Why We Were Right To Like Ike


When Johns Hopkins University Press issued the first five volumes of Ike’s papers in 1970, the former President’s historical image received a boost almost overnight. John Kenneth Galbraith, who had been Stevenson’s adviser and had once described the Eisenhower administration as “the bland leading the bland,” wrote in The Washington Post that Ike’s private writings demonstrated that he had been an “exceedingly vigorous, articulate, and clearheaded administrator, who shows himself throughout to have been also a very conscientious and sensible man.”

With the opening of Eisenhower’s private correspondence and other key documents of his administration to scholars in the seventies, experts were soon focusing attention on the primary source material, and a major reassessment of the Eisenhower Presidency was inevitable. Herbert S. Parmet, one of the first historians to make extensive use of newly declassified papers, made the argument in Eisenhower and the American Crusades (1972) that those who rated presidential greatness had overlooked Ike’s importance in restoring confidence and building a national consensus in postwar America. To many erstwhile critics, Eisenhower’s restrained style of leadership looked better in retrospect during the Vietnam War. At a time when thousands of Americans were dying in a long, bloody, fruitless struggle in Southeast Asia, there were new interpretations of the Eisenhower foreign policy. Murray Kempton’s “The Underestimation of Dwight D. Eisenhower,” which appeared in the September 1967 issue of Esquire, described how Ike had rejected the advice of Cold Warriors to seek military adventure in Vietnam. “He is revealed best, if only occasionally, in the vast and dreary acreage of his memoirs of the White House years,” wrote Kempton. “The Eisenhower who emerges here … is the President most superbly equipped for truly consequential decision we may ever have had, a mind neither rash nor hesitant, free of the slightest concern for how things might look, indifferent to any sentiment, as calm when he was demonstrating the wisdom of leaving a bad situation alone as when he was moving to meet it on those occasions when he absolutely had to.”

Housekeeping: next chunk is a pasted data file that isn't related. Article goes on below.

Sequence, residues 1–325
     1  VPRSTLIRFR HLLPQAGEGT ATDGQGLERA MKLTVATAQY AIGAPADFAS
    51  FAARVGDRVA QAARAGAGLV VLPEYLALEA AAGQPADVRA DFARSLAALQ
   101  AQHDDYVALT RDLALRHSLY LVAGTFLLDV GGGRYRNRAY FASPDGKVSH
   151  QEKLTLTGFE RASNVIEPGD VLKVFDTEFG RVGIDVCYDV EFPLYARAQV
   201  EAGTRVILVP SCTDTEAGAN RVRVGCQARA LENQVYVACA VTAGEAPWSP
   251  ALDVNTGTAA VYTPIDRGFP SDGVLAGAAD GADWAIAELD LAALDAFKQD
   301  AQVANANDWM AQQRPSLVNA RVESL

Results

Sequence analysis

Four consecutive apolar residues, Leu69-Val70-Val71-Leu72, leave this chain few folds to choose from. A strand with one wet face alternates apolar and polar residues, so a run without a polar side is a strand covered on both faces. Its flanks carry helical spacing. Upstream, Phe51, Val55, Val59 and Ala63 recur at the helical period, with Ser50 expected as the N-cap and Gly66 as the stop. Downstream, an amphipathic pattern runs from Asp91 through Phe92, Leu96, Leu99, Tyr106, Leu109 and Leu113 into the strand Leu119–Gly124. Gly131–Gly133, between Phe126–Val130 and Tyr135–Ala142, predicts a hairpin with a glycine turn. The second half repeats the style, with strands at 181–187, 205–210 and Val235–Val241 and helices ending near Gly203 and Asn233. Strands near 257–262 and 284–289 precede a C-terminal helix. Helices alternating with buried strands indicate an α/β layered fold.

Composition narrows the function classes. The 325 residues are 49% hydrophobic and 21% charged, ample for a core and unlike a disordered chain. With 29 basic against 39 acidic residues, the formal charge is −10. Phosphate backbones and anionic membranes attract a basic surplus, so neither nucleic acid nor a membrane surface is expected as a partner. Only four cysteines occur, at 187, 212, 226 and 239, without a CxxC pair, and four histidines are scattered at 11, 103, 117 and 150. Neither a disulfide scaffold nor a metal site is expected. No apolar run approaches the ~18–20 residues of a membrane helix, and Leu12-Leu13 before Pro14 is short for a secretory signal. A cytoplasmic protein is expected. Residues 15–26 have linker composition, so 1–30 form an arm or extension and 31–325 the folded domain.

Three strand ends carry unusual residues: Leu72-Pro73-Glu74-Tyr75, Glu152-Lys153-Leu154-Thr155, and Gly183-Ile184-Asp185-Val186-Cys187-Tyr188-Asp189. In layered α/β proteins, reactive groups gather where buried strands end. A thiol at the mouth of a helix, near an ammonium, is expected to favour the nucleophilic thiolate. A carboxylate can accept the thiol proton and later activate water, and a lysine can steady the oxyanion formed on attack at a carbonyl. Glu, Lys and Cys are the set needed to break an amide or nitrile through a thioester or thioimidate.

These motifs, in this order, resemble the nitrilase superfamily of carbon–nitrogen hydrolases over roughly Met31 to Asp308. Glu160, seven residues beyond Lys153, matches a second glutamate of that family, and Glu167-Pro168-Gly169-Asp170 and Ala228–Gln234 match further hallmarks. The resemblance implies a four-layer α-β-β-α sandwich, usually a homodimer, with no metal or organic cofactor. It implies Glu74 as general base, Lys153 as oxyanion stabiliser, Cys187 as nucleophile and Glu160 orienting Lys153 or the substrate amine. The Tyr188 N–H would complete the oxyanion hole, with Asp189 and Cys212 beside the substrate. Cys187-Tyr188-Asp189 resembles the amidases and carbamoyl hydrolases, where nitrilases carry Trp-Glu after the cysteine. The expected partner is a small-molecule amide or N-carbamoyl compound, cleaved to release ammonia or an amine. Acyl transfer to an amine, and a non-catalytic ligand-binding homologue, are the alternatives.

Other influential political analysts later expanded the same theme. On the left, I. F. Stone noted that Eisenhower, because of his confidence in his own military judgment, was not intimidated into rash action by the Pentagon.

Eisenhower’s most enduring and prescient speech was his 1961 farewell address warning of the potential dangers of the military-industrial complex. “In the councils of government,” he declared, “we must guard against the acquisition of unwarranted influence, whether sought or unsought, by the military-industrial complex. The potential for the disastrous rise of misplaced power exists and will persist.”

When the first volumes of Ike’s papers were published, his image received a boost almost overnight.

Eisenhower’s correspondence effectively demonstrates that his farewell address was an accurate reflection of his political philosophy. In an October 1951 letter to the General Motors executive Charles E. Wilson, Eisenhower wrote: “Any person who doesn’t clearly understand that national security and national solvency are mutually dependent, and that permanent maintenance of a crushing weight of military power would eventually produce dictatorship, should not be entrusted with any kind of responsibility in our country.” The White House press secretary James Hagerty wrote in his diary that Ike had confided, “You know, if you’re in the military and you know about these terrible destructive weapons, it tends to make you more pacifistic than you normally have been.”


Stephen E. Ambrose, a former editor of the Eisenhower papers and author of the most comprehensive Eisenhower biography, shows how Ike slowed the arms race and exerted firm leadership in rejecting the Gaither Commission’s call for sharp increases in defense spending. “Eisenhower’s calm, common-sense, deliberate response to [the Soviets launching of Sputnik] may have been his finest gift to the nation,” wrote Ambrose, “if only because he was the only man who could have given it.” Because of his military background, Eisenhower spoke with more authority about the arms race than his critics. In a 1956 letter to Richard L. Simon, president of Simon & Schuster, who had written him and enclosed a column urging a crash program for nuclear missiles, Eisenhower replied, “When we get to the point, as we one day will, that both sides know that in any outbreak of general hostilities, regardless of the element of surprise, destruction will be both reciprocal and complete, possibly we will have sense enough to meet at the conference table with the understanding that the era of armaments has ended and the human race must conform its actions to this truth or die.”